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Police brutality in Texas

Texas police officer arrested on suspicion of murder in fatal shooting of Jonathan Price

The Texas Rangers’ preliminary investigation found that Wolfe City police officer Shaun Lucas’ use of deadly force against Price was not “objectively reasonable.”

Jonathan Price was killed by a policeman in Wolfe City on Oct. 3, 2020.

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Just two days after 31-year-old Jonathan Price was killed by police in North Texas, the Texas Rangers on Monday arrested the officer they say shot him, saying the officer’s actions did not seem “objectively reasonable.”

Wolfe City police officer Shaun Lucas, who is white, was arrested on suspicion of murder in the death of Price, who was Black, the Texas Department of Public Safety said in a statement. Wolfe City officials have declined to comment on the shooting outside of noting on Sunday that the Rangers were investigating the incident and the officer was on administrative leave pending the investigation.

As tensions in America continue to escalate over police brutality and systemic racism, Lucas’ arrest came relatively fast compared to other high-profile Texas police shootings that have resulted in officers facing criminal charges. Amber Guyger, who shot and killed Botham Jean in his own Dallas apartment after she said she mistook it for her own, was arrested three days after the shooting, but police who kill people are often not arrested unless a grand jury chooses to indict them.

Scott Bowman, an associate criminology professor at Texas State University, said the speed of the arrest likely indicates the shooting is a “clear-cut case.”

“Whatever they saw, whatever they received in statements or whatever the visual evidence ... indicated, they felt they had enough to charge him with murder almost immediately, which in terms of policing is unheard of,” he said.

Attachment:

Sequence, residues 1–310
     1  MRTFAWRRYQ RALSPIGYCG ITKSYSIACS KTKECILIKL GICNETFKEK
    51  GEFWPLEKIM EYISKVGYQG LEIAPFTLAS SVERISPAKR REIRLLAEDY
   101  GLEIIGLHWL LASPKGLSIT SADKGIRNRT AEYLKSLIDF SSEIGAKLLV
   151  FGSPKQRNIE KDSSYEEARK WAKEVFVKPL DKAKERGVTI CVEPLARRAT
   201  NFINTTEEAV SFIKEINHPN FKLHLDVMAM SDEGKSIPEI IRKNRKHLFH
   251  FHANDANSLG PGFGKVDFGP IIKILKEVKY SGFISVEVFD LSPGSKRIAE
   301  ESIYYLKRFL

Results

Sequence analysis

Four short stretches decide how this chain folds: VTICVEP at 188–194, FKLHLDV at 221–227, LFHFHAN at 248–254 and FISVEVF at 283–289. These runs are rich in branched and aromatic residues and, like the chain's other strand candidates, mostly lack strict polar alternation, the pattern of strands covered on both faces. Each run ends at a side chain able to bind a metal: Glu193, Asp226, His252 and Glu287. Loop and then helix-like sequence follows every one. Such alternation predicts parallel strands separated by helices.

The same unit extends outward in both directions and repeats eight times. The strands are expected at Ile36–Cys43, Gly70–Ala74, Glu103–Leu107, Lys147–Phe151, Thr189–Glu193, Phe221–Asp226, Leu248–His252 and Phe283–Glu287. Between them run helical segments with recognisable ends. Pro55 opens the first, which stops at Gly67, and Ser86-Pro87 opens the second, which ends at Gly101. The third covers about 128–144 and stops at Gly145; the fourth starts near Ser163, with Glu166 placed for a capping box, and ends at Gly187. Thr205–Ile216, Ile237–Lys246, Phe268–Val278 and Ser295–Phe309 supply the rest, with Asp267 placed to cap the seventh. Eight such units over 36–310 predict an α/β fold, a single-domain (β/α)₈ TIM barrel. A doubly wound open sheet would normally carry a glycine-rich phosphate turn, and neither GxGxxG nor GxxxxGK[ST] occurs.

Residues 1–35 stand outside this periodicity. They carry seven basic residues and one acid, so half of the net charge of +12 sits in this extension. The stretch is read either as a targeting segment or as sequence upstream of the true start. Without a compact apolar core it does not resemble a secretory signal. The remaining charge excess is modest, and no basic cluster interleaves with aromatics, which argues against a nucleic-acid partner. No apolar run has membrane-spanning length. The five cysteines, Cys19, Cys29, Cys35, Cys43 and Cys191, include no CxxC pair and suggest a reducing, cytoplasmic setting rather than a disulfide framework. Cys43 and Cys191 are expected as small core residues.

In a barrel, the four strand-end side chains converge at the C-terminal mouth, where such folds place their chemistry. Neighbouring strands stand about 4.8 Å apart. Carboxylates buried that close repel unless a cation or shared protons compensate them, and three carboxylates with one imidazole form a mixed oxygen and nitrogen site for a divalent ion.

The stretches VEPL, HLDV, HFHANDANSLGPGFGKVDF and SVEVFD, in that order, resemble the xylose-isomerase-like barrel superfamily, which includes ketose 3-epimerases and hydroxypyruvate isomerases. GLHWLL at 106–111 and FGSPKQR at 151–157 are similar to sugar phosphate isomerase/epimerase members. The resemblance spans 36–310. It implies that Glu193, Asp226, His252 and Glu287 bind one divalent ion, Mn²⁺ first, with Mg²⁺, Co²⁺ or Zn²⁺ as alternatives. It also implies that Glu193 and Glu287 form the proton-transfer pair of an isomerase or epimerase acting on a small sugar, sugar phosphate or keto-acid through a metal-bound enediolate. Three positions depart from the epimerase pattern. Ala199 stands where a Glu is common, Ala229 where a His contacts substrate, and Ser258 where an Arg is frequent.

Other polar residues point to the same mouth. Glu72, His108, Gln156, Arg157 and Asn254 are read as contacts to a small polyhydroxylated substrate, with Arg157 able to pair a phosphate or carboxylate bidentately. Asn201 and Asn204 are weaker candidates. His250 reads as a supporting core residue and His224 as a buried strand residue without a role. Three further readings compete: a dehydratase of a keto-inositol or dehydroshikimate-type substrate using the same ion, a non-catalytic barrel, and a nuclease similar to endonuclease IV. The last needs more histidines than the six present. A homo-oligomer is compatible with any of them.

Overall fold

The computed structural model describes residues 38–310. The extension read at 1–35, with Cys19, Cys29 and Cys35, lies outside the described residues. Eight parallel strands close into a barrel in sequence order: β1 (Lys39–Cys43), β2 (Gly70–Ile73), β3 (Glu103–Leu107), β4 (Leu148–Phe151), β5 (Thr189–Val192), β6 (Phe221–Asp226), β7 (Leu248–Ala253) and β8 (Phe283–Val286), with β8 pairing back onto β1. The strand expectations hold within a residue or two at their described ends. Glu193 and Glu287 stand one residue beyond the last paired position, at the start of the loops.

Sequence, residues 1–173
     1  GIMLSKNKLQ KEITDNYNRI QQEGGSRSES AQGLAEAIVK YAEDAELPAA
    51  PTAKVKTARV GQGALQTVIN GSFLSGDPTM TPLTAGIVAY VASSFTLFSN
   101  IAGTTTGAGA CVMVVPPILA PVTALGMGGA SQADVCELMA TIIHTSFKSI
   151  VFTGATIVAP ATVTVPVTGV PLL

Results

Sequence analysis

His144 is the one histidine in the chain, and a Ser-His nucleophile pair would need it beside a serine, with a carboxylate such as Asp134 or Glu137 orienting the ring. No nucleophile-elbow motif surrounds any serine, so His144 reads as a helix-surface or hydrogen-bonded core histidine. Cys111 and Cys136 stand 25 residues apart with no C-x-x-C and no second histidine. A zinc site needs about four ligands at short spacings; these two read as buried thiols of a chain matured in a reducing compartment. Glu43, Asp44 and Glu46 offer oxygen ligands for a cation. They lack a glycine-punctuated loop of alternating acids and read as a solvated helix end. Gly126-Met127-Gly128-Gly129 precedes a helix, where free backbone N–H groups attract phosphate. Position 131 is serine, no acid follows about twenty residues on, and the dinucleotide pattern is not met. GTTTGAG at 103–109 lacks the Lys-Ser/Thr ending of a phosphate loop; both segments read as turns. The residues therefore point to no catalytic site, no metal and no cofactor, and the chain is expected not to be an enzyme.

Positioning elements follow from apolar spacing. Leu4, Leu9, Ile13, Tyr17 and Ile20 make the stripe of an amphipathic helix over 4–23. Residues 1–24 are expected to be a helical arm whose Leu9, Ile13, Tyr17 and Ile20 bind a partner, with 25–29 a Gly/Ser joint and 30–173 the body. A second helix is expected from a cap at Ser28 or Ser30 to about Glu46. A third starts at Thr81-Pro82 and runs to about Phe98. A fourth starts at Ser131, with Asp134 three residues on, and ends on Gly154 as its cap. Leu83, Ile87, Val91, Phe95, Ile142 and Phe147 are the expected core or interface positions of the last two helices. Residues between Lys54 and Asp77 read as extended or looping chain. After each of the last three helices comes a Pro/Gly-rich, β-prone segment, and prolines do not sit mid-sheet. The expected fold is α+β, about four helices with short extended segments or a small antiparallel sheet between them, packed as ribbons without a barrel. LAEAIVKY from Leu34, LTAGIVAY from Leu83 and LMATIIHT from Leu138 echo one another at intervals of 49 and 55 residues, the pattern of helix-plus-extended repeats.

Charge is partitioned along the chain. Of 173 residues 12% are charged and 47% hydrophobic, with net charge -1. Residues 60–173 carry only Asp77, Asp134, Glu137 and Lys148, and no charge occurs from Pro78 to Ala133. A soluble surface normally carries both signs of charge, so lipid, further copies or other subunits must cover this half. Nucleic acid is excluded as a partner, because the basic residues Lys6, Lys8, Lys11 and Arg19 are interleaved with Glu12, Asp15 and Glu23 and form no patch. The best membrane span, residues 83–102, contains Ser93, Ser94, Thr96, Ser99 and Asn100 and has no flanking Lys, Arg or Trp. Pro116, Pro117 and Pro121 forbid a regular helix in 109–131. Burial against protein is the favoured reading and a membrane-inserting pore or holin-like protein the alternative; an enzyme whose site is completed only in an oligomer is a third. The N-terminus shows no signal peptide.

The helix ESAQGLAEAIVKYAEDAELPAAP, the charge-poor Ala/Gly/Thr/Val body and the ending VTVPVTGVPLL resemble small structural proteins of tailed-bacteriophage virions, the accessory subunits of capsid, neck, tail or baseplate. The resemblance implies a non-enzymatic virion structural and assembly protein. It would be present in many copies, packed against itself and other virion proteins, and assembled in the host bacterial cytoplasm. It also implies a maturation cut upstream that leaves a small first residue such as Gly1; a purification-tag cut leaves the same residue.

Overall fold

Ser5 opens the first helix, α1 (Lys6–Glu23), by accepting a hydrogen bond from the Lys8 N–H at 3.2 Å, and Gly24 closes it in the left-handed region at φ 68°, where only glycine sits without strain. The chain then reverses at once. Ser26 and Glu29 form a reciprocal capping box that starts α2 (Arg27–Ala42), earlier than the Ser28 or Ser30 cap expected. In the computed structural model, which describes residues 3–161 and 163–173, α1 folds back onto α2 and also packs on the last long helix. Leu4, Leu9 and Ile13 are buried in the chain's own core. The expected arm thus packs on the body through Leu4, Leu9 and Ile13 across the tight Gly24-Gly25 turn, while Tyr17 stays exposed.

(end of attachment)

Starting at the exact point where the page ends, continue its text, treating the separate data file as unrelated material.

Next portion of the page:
WFAA reported that surveillance footage from security cameras at the gas station where the shooting occurred was handed over to the Rangers.

But Lee Merritt, a civil rights attorney in Dallas who is representing Price’s family, said in a Facebook post that the arrest didn’t happen quickly.

“It should [have] happened the day he murdered [Price]. John should still be here,” he wrote. “This did happen because this family fought for their son from the beginning and people worked hard both behind the scenes and in the public eye to make it happen.”

On Saturday night, police in the small town about 70 miles northeast of Dallas were called to a disturbance, according to DPS. Merritt said Price had seen a man assaulting a woman and intervened. When police arrived, Merritt said Price raised his hands and tried to explain what was happening. DPS said Lucas tried to detain Price, who “resisted in a non-threatening posture and began walking away.”

Lucas fired a taser at Price, then shot him, DPS said.

Robert Rogers, Lucas' attorney who often represents North Texas police officers — including Guyger, said Tuesday in a statement that Price resisted being detained and repeatedly refused instructions given by Lucas.

"Mr. Price resisted the effects of the taser and attempted to take it away from Officer Lucas," Rogers said. "Officer Lucas only discharged his weapon in accordance with Texas law when he was confronted with an aggressive assailant who was attempting to take his taser."

Texas Rangers disagreed.

"The preliminary investigation indicates that the actions of Officer Lucas were not objectively reasonable and, therefore, not justifiable force," the agency's statement read.

Lucas was booked into the Hunt County Jail on a $1 million bond, according to Hunt County jail records. He was later transferred to the Rockwall County Jail, WFAA reported.

Officials at Texas' top police unions, the Combined Law Enforcement Associations of Texas and the Texas Municipal Police Association, did not comment on the shooting. Without more information, CLEAT executive director Charley Wilkison said, any comment would be speculation.

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Correction: This story included an incorrect description of the reason why Shaun Lucas was arrested in connection with Jonathan Price’s death. The Texas Department of Public Safety gave reporters the incorrect terminology on Oct. 5. The agency revised its statement on Oct. 6 to say Lucas’ actions were not “objectively reasonable” instead of saying they were not “objectionably reasonable.”

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